Singlet Oxygen Leads to Structural Changes to Chloroplasts during their Degradation in the Arabidopsis thaliana plastid ferrochelatase two Mutant

Karen E. Fisher, Praveen Krishnamoorthy, Matthew S. Joens, Joanne Chory, James A.J. Fitzpatrick, Jesse D. Woodson

Research output: Contribution to journalArticlepeer-review

9 Scopus citations


During stress, chloroplasts produce large amounts of reactive oxygen species (ROS). Chloroplasts also contain many nutrients, including 80% of a leaf's nitrogen supply. Therefore, to protect cells from photo-oxidative damage and to redistribute nutrients to sink tissues, chloroplasts are prime targets for degradation. Multiple chloroplast degradation pathways are induced by photo-oxidative stress or nutrient starvation, but the mechanisms by which damaged or senescing chloroplasts are identified, transported to the central vacuole and degraded are poorly defined. Here, we investigated the structures involved with degrading chloroplasts induced by the ROS singlet oxygen (1O2) in the Arabidopsis thaliana plastid ferrochelatase two (fc2) mutant. Under mild 1O2 stress, most fc2 chloroplasts appeared normal, but had reduced starch content. A subset of chloroplasts was degrading, and some protruded into the central vacuole via 'blebbing' structures. A 3D electron microscopy analysis demonstrated that up to 35% of degrading chloroplasts contained such structures. While the location of a chloroplast within a cell did not affect the likelihood of its degradation, chloroplasts in spongy mesophyll cells were degraded at a higher rate than those in palisade mesophyll cells. To determine if degrading chloroplasts have unique structural characteristics, allowing them to be distinguished from healthy chloroplasts, we analyzed fc2 seedlings grown under different levels of photo-oxidative stress. A correlation was observed among chloroplast swelling, 1O2 signaling and the state of degradation. Finally, plastoglobule (PG) enzymes involved in chloroplast disassembly were upregulated while PGs increased their association with the thylakoid grana, implicating an interaction between 1O2-induced chloroplast degradation and senescence pathways.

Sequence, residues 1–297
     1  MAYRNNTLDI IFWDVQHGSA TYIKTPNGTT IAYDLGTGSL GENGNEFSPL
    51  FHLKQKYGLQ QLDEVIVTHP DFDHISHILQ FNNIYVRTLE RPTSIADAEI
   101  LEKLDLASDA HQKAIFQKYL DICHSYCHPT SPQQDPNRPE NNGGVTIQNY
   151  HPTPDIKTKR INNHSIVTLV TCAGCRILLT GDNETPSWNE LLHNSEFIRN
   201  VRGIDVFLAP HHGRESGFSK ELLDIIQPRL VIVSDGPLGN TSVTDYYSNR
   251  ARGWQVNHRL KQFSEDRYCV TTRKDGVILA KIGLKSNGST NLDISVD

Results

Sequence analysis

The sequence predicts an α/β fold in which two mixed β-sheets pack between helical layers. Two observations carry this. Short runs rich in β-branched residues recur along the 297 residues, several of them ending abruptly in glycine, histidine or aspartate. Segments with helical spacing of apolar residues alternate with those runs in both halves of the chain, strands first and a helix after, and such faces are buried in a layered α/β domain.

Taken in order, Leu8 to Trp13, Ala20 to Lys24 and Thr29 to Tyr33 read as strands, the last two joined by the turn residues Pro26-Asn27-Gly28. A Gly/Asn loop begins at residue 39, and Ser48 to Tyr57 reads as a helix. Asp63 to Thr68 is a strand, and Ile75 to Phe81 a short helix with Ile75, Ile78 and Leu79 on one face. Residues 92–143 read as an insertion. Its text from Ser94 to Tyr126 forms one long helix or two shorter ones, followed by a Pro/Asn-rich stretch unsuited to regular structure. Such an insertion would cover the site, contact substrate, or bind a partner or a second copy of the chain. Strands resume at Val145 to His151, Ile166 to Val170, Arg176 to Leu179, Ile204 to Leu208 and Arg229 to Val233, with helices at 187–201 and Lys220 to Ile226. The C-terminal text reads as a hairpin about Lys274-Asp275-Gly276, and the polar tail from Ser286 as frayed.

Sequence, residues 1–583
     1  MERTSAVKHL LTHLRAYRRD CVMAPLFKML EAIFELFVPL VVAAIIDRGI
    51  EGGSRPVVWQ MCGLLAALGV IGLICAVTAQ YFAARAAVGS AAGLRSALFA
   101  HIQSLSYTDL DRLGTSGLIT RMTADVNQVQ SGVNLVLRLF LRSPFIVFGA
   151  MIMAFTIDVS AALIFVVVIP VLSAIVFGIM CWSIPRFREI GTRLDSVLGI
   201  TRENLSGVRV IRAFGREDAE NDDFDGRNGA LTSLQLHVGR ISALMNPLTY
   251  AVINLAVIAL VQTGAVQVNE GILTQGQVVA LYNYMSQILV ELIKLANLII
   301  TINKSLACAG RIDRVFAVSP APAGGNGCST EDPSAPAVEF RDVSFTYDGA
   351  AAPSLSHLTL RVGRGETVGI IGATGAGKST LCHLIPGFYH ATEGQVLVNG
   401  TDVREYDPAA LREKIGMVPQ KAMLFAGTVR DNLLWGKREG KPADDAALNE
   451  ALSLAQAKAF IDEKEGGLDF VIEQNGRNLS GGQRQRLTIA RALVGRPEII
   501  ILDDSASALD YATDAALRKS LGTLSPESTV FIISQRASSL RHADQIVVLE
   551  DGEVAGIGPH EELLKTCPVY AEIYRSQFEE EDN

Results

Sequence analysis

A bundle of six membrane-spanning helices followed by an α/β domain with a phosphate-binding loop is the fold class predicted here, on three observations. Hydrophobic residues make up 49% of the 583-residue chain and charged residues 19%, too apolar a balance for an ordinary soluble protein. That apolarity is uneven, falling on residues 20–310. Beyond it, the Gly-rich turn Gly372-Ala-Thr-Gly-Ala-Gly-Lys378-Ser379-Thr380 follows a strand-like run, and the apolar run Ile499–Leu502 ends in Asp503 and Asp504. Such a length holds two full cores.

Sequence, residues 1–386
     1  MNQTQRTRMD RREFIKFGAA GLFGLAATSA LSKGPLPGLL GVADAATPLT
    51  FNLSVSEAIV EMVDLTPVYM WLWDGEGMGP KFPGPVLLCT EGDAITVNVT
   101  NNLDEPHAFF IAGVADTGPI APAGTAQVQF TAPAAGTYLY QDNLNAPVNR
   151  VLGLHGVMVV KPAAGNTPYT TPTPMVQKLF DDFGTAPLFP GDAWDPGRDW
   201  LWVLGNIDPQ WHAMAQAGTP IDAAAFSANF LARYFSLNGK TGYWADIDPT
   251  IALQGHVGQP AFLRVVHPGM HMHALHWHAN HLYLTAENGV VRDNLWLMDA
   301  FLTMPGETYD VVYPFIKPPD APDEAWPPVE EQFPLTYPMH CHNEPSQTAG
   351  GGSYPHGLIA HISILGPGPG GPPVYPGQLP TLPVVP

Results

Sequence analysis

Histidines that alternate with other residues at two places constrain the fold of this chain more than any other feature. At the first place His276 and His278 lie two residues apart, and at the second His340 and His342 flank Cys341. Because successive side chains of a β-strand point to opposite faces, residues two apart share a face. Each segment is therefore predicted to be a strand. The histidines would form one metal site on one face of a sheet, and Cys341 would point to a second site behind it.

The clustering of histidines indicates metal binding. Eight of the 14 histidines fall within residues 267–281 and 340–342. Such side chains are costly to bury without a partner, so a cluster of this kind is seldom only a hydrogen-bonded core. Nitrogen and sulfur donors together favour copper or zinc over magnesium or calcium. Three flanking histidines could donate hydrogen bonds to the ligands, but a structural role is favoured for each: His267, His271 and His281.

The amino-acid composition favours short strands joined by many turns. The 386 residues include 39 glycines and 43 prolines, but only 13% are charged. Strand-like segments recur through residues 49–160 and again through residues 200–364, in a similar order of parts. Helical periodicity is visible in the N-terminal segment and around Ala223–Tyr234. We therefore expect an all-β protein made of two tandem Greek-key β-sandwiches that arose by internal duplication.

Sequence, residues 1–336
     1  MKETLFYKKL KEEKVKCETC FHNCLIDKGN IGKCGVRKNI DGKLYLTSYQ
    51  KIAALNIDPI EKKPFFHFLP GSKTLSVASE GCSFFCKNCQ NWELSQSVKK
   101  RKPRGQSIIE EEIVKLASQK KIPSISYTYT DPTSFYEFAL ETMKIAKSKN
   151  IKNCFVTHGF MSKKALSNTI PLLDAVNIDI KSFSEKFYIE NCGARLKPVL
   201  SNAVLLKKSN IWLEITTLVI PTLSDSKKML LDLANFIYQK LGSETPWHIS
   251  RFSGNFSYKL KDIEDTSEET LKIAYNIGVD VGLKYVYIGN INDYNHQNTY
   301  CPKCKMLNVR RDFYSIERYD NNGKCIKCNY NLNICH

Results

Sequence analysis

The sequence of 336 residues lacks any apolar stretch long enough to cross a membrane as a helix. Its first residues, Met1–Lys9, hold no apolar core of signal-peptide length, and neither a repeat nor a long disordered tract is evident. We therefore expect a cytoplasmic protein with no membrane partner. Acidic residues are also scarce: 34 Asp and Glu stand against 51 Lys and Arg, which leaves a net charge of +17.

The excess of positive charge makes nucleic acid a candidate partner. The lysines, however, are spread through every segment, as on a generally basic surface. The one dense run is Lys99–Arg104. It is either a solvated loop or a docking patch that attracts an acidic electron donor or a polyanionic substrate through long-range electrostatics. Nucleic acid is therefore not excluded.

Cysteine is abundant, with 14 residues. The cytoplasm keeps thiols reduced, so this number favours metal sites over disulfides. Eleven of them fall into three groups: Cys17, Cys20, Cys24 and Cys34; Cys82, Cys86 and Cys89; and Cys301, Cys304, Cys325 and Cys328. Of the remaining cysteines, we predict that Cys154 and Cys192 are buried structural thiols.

Original languageEnglish
Pages (from-to)248-264
Number of pages17
JournalPlant and Cell Physiology
Issue number2
StatePublished - Feb 1 2022


  • Arabidopsis thaliana
  • Cellular degradation
  • Chloroplast
  • Electron microscopy
  • Plastoglobule
  • Reactive oxygen species


Dive into the research topics of 'Singlet Oxygen Leads to Structural Changes to Chloroplasts during their Degradation in the Arabidopsis thaliana plastid ferrochelatase two Mutant'. Together they form a unique fingerprint.

Cite this